Archimandrite Alypy (Voronov)
In the name of the Father, and of the Son, and of the Holy Spirit!
Today in the Gospel we heard a story about an exceptionally courageous man—the man born blind. This man, having come to know and having seen God, was not afraid of any of the trials, of any of the temptations that the spiritually blind Pharisees, who warred against the truth, who warred against Christ, were setting before him. The man born blind turned out to be an extraordinarily wise and sharp-witted man. You remember his whole story: after the Savior healed that man, who had been blind from birth and had never seen the light of the sun, the Pharisees immediately came over to him, that they themselves might understand what had happened, and put a stop to what they considered unlawful—the doing of good works on the Sabbath. For them these were evil deeds; for them this was a crime. And this man began, in a real way, his courageous, very serious and wise battle with these powers of falsehood. But just the same, this man who had been born blind remained unvanquished. In his soul he did not betray the Faith; he remained true to the One Who had performed the great miracle of granting him his sight. So too, brothers and sisters, should we be courageous in standing up for our faith; we should be just as courageous, wise, and quick-witted as that man born blind had been. And there have been quite a few such people, followers of that remarkable man, in the history of our Church.
Today, on Victory Day, I would especially like to recall those people who were connected, in the most direct way, with today’s occasion. There come to mind people who were just as wise, resourceful, self-sacrificing, courageous and fearless; who went through the war, had their spiritual sight opened, and found God. And in the battles that followed, new Sadducees and Pharisees tempted them and demanded that they renounce God; demanded that they surrender their new position—the knowledge of God—as others had done to the man born blind, a man who also occupied a new position in his life. It was the same with those people, who lived just a few decades ago—it was demanded that they surrender that position upon which they had entered with all their life, all their experience, and all their courage. I happened to have had the happiness to see such people in the Pskov Caves Monastery.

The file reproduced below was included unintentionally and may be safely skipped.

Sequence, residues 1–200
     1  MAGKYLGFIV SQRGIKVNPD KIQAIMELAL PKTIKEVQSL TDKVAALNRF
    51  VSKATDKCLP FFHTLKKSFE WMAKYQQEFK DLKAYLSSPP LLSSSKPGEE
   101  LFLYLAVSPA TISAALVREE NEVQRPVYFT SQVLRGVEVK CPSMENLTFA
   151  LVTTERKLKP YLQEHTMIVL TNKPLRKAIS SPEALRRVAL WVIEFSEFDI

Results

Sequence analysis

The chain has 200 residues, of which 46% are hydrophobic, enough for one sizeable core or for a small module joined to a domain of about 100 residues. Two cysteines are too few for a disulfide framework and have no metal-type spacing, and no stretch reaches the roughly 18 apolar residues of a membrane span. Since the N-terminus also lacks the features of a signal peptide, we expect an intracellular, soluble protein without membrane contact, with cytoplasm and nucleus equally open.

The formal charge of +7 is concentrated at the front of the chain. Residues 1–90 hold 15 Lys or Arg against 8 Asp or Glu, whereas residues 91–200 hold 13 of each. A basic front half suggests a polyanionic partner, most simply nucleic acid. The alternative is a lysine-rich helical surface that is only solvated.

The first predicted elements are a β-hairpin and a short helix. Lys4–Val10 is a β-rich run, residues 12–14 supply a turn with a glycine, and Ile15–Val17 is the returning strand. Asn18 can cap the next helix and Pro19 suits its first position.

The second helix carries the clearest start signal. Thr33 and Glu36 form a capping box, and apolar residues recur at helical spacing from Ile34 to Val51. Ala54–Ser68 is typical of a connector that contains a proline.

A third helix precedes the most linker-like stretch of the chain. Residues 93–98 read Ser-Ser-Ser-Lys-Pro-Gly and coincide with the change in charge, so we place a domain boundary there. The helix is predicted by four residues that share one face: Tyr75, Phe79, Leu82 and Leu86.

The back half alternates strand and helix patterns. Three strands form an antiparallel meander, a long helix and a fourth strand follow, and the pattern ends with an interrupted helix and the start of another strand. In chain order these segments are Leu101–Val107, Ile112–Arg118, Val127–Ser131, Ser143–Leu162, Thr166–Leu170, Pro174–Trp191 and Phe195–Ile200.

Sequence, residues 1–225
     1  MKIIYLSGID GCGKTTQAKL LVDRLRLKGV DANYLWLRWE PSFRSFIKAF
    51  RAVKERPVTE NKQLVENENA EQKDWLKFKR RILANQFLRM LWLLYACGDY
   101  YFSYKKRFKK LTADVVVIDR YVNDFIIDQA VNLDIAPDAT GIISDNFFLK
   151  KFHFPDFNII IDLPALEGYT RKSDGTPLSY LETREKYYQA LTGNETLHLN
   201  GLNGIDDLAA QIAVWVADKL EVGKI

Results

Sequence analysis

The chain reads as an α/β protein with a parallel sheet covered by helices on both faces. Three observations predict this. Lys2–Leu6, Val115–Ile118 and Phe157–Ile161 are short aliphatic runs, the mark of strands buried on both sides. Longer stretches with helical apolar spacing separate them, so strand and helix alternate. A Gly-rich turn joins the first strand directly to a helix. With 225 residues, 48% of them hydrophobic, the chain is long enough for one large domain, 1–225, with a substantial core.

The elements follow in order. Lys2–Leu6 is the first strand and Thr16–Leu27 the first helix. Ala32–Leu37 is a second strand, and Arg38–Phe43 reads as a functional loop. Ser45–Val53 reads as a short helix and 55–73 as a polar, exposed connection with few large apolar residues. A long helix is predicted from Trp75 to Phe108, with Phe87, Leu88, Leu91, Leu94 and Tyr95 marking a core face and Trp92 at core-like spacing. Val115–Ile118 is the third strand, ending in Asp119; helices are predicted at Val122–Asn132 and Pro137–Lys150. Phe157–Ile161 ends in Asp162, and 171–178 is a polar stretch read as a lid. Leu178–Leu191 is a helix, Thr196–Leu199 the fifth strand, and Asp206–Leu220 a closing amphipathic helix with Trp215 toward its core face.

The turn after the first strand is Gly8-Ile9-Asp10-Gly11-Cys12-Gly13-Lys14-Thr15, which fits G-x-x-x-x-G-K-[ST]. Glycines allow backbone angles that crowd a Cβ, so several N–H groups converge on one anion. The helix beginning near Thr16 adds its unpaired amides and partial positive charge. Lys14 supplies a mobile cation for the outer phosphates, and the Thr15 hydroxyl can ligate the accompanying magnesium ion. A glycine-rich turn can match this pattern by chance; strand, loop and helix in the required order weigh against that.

When May 9 would come around, the veteran-monks would gather together. Although many had already reposed by beginning of the 1980s, there were still quite a few of them, such as Archimandrite Antipas, Archimandrite Nathaniel, Schema-abbot Mechisedek, Archimandrite Theophan, Monk Theoctistus, Hierodeacon Anatole, Hierodeacon Maxim, Schemamonk Irenarchus, and many, many others. The superior would bless them to wear their decorations and medals on the outside of their ryassas, and they would do it as an obedience. They would go to the refectory like that, and some of the military people from the city would come there too. It was still Soviet times, and at times the latter would come quite reluctantly, but veterans are veterans, and they would congratulate them. We would congratulate them too, and sing “Many Years” to them. They would hardly ever say anything about their military deeds, like many other military people. Then there would be a solemn photograph, and they would stand there in all their regalia. After this they would quickly run to their cells, take off all those awards, and hide them somewhere in a trunk. But they were absolutely amazing people. They had gone through such a war, and had such experience, that you and I could not even imagine it—it’s incomprehensible.